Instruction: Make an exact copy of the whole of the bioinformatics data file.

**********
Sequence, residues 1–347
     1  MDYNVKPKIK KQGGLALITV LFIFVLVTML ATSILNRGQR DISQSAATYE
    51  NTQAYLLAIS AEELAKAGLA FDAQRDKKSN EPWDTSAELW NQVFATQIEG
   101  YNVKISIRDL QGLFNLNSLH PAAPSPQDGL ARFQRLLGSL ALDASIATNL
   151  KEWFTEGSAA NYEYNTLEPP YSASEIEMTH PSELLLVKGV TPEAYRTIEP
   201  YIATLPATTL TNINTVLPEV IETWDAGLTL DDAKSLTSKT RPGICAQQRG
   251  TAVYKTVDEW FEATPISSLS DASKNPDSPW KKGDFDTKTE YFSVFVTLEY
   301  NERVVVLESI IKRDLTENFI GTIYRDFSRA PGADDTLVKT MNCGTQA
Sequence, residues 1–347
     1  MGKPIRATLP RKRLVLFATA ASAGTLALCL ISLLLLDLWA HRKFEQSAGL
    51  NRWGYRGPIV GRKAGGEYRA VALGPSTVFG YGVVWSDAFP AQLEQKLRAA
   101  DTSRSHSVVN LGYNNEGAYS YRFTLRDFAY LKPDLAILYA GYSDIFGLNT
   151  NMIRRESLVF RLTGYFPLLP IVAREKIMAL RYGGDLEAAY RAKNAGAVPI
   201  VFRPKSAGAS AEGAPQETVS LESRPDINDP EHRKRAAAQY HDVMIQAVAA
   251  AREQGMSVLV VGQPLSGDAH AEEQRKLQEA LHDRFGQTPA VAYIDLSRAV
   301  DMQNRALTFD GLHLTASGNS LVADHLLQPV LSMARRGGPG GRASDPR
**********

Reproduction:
Sequence, residues 1–347
     1  MDYNVKPKIK KQGGLALITV LFIFVLVTML ATSILNRGQR DISQSAATYE
    51  NTQAYLLAIS AEELAKAGLA FDAQRDKKSN EPWDTSAELW NQVFATQIEG
   101  YNVKISIRDL QGLFNLNSLH PAAPSPQDGL ARFQRLLGSL ALDASIATNL
   151  KEWFTEGSAA NYEYNTLEPP YSASEIEMTH PSELLLVKGV TPEAYRTIEP
   201  YIATLPATTL TNINTVLPEV IETWDAGLTL DDAKSLTSKT RPGICAQQRG
   251  TAVYKTVDEW FEATPISSLS DASKNPDSPW KKGDFDTKTE YFSVFVTLEY
   301  NERVVVLESI IKRDLTENFI GTIYRDFSRA PGADDTLVKT MNCGTQA
Sequence, residues 1–347
     1  MGKPIRATLP RKRLVLFATA ASAGTLALCL ISLLLLDLWA HRKFEQSAGL
    51  NRWGYRGPIV GRKAGGEYRA VALGPSTVFG YGVVWSDAFP AQLEQKLRAA
   101  DTSRSHSVVN LGYNNEGAYS YRFTLRDFAY LKPDLAILYA GYSDIFGLNT
   151  NMIRRESLVF RLTGYFPLLP IVAREKIMAL RYGGDLEAAY RAKNAGAVPI
   201  VFRPKSAGAS AEGAPQETVS LESRPDINDP EHRKRAAAQY HDVMIQAVAA
   251  AREQGMSVLV VGQPLSGDAH AEEQRKLQEA LHDRFGQTPA VAYIDLSRAV
   301  DMQNRALTFD GLHLTASGNS LVADHLLQPV LSMARRGGPG GRASDPR